Papua New Guinea Middle Sepik River Iatmul Area Carved Wood Ancestor Portrait Head

A Papua New Guinea Middle Sepik River Iatmul Area Carved Wood Ancestor Portrait Head with Inlaid Shell Eyes Made to Replace a Revered Disintegrating Lost or broken Over-modelled Ancestral Skull
Early 20th Century

Size: 20cm high, 14.5cm wide, 10cm deep - 8 ins high, 5¾ ins wide, 4 ins deep
Papua New Guinea Middle Sepik River Iatmul Area Carved Wood Ancestor Portrait Head with Inlaid Shell Eyes 
The first European travelled up the Sepik River late in 19th century, 1886, when the protectorate was being established and New Guinea was called Kaiser Wilhelmsland. Placed under the tutelage of the Emperor the ‘Neu Guinea Compagnie’ managed every aspect of the country, the plantations, all geographic, naturalist and ethnographic research, the administration, public health, communications by boat, and the very lucrative trade in the hunting of birds of paradise and the exportation of their feathers.
     The Iatmul are now the most well known and largest community living in the Sepik region, numbering around sixteen thousand people. The majority of their villages are on the banks of the river Sepik. All have a dance ground at the centre and ceremonial houses looking over the central dance area at each end. All dwelling houses are raised on stilts  to avoid the seasonal floods of the river when canoes become the only means of travel. 
     Warfare was conducted on a small scale and was usually limited to ambushes and well planned raids of enemy villages where trophy heads would be taken. Men were accorded status, prestige and power through headhunting, and only after taking an enemy’s head would a man be entitled to wear on ceremonial occasions the distinctive face paint, or particular ritual insignia such as the homicide aprons. However, the over-modelled skulls known as ‘Midjangu’ or ‘Kaik’ were those of identifiable ancestors rather than of those taken in headhunting raids. The technique of over-modelling enabled the creation of portraits of the dead which were masterpieces of artistic expression. Mostly kept by families of the deceased, they were also displayed in the ceremonial house on painted racks or in swaying baskets suspended from the roof of the upper chamber. Sometimes they were placed at specifically constructed openings in the facade where they would gaze down on events on the performance ground and keep watch against enemy headhunting parties.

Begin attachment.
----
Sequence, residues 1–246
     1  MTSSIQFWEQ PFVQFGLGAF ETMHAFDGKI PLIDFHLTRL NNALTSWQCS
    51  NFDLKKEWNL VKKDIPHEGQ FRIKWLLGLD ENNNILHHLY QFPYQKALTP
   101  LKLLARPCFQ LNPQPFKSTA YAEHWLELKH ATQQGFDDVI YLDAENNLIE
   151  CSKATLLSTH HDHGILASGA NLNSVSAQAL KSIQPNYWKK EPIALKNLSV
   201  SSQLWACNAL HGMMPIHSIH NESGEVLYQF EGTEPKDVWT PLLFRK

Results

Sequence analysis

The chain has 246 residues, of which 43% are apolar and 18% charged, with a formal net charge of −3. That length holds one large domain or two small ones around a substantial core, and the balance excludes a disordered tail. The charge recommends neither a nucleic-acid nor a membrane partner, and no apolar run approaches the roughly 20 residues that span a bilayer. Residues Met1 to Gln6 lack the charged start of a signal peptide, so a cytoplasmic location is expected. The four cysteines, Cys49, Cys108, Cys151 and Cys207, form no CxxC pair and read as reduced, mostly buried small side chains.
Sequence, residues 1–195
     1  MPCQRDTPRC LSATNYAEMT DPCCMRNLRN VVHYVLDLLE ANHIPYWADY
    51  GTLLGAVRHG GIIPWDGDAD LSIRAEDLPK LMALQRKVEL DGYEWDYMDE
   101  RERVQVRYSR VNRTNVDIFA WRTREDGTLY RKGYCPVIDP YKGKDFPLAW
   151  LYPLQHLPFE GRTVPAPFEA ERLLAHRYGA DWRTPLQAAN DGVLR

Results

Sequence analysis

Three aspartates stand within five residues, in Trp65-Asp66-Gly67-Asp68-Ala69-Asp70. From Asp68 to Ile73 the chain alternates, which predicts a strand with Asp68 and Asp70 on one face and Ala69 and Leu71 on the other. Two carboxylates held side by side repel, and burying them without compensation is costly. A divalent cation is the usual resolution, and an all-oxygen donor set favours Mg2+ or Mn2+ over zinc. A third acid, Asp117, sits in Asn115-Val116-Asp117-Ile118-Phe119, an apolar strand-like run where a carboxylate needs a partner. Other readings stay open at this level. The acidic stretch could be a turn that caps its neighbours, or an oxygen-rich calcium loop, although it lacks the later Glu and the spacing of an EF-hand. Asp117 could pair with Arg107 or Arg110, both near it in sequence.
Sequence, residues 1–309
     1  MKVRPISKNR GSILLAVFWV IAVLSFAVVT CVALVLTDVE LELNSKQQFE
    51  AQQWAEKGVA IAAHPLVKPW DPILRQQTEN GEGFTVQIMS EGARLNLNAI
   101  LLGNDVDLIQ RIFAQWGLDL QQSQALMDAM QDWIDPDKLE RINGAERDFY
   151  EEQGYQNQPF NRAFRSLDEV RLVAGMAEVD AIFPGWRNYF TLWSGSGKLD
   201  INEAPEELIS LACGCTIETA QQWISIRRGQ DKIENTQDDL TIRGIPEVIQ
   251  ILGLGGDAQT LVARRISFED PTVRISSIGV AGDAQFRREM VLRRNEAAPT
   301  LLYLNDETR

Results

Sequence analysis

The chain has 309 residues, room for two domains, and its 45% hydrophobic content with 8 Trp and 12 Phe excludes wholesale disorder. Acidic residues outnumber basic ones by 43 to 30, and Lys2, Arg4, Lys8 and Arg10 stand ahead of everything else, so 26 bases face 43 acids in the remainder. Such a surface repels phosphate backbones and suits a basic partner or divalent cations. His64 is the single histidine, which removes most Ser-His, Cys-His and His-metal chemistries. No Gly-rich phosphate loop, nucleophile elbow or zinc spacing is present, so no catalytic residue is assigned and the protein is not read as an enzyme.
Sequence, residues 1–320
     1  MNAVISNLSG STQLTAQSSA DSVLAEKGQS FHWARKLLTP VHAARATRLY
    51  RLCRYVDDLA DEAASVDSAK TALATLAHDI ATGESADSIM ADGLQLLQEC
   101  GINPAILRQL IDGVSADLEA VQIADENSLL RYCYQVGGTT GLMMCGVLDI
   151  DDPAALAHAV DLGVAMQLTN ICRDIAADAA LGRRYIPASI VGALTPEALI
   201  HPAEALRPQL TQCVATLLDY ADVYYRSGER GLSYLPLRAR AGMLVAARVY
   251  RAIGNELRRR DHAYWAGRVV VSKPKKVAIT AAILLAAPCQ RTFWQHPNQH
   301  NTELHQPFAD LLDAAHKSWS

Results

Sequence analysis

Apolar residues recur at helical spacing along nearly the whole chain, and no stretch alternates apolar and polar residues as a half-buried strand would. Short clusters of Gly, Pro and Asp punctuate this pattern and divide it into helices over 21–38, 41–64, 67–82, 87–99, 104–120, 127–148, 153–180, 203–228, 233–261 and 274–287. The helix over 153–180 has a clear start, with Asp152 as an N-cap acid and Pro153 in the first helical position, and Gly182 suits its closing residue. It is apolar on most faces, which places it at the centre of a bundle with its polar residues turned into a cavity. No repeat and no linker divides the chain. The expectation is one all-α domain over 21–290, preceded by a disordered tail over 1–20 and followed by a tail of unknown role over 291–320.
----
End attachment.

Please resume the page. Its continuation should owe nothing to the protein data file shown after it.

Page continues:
As a memorial to an ancestor, an over-modelled skull was an important ceremonial object and when it suffered damage or became too fragile for display, a replacement would be carved. The design of the wood heads would always accentuate the nose as it was considered an attractive facial feature in men, a sign of ‘Tshvia’, an assertive personality.
 
Ex collection K.J. Hewitt
Ex John Giltsoff
Ex collection Sanne Nies, acquired from J. Giltsoff
Ex Kevin Conru acquired from above

Papua New Guinea Middle Sepik River Iatmul Area Carved Wood Ancestor Portrait Head

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ENQUIRIES

+44 (0) 207 689 7500

+44 (0)7836 684133
+44 (0)7768 236921

enquiries@finch-and-co.co.uk